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Bolling battles Cuccinelli for a share of the spotlight
Attorney general sprints ahead opposing health law
RICHMOND — Virginia Attorney General Kenneth T. Cuccinelli II railed against the federal health care law before hundreds of tea party activists on the Mall on Saturday, calling the Obama administration "the greatest set of lawbreakers to ever run the federal government in our lifetimes."
On Wednesday, Lt. Gov. Bill Bolling similarly denounced the law as "a direct assault on liberty that we all hold dear in this country" - only his remarks were made in Richmond in the dining room of a small business, where he was flanked by a handful of state and national Republican leaders.
As the 2013 gubernatorial campaign gets under way, health care is likely to be one area where Mr. Cuccinelli has an advantage over Mr. Bolling — an edge he is already beginning to exploit.
"When you're a Republican attorney general and there's a Democratic president in the White House, the environment is tailor-made for Virginia's attorney general to be one of the most visible points of opposition to that Democratic president," said Stephen Farnsworth, a political science professor at the University of Mary Washington. "Cuccinelli has owned health care from day one in Virginia. Whatever the Supreme Court decides, Cuccinelli does not lose."
Mr. Cuccinelli was the first to file a lawsuit against the federal government over the reform, saying a state law stipulating that no Virginians could be forced to purchase health care countered the federal mandate that most Americans purchase health insurance or face a penalty.
The Supreme Court decided not to hear Virginia's case, but that didn't stop Mr. Cuccinelli from heading to Washington to listen in on the arguments in a separate, multi-state lawsuit.
"I think things went well for the limited government side, for the states," he said Wednesday. "I think they may rip the whole law out. I have been cautiously optimistic from the start. I got more optimistic yesterday."
Mr. Bolling may be united with Mr. Cuccinelli in opposition to the federal health care law, but the two have traded jabs since the attorney general announced in December he would seek the Republican gubernatorial nomination in 2013.
After the announcement, Mr. Bolling issued a statement accusing Mr. Cuccinelli of putting his own ambitions ahead of the good of the party by running against him in what likely will be a bruising primary battle.
Mr. Cuccinelli's wife, Teiro, recently fired back, writing to supporters that "in the past two years, it has become clear that Virginia and the rest of the country are suffering from a lack of firm, principled conservative leaders… men and women willing not just to talk about our principles, but to stick their necks out and lead on tough issues!"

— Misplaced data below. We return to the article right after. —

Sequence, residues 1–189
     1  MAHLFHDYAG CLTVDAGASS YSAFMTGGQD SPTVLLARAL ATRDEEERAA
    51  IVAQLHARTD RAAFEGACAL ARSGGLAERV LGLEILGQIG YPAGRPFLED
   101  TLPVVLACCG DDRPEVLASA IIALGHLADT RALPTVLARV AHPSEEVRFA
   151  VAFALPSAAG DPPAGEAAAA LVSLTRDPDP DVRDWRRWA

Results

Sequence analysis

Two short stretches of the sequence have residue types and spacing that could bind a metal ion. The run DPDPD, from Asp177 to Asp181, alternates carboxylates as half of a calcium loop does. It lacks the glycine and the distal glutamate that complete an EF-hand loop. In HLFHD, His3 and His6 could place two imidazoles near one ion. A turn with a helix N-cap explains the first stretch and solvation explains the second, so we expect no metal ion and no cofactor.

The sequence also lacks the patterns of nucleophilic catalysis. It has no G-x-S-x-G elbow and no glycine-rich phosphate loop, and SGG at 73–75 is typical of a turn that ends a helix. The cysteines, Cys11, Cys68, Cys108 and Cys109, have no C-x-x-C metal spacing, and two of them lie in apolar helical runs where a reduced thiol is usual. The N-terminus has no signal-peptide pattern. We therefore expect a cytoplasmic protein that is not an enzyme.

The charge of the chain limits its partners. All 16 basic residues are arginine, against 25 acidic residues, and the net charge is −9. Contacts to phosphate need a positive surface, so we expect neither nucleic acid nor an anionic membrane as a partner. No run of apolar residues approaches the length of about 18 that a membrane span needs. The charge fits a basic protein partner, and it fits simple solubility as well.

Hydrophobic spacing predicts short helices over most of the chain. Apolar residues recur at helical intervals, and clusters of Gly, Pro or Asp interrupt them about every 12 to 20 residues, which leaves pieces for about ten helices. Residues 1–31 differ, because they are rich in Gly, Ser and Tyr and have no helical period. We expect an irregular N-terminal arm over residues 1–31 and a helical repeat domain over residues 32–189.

Mr. Bolling took umbrage at the comments — not just for himself, but on behalf of Gov. Bob McDonnell and other Republican leaders around the state.
"I don't have the foggiest idea of what she was talking about, and I consider her comments to be an attack on Gov. McDonnell and me and every other Republican leader that has worked hard for the past two years to get our state back on the right track," Mr. Bolling said. "Virginia has had very strong and principled conservative leadership for the last two years, and for someone to come out of the blocks attacking Virginia's Republican leadership in that way I thought was a bit over-the-top."
Mr. Bolling said the two men still talk. Mr. Cuccinelli's office defended the lieutenant governor in a lawsuit challenging Mr. Bolling's ability to cast tie-breaking votes on matters of organization in the Senate. The lawsuit was later dropped.
Mr. Cuccinelli, in part because of high-profile lawsuits against the federal government, maintains higher name recognition in both Virginia and across the country than Mr. Bolling.
The Republican Party of Iowa announced this week that the attorney general will keynote the state's annual Lincoln dinner in May. And nearly half of the Virginia voters polled in a recent Quinnipiac survey this month had no opinion on Mr. Bolling. In Mr. Cuccinelli's case, the number was under 25 percent.
While both men are still generally viewed by Virginia voters favorably, Mr. Bolling appears interested in testing whether the high-profile issues Mr. Cuccinelli is best known for might work against him on the campaign trail.
He cautioned that for Republicans to succeed in November and beyond, they cannot fall prey to becoming a party of rigid ideology.
"Governing has to be about more than breaking the dishes," he said. "It has to be about building consensus and finding solutions to problems. … We have to be viewed as a conservative party whose focus is on results."
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About the Author
David Sherfinski covers politics for The Washington Times. He can be reached at email@example.com.
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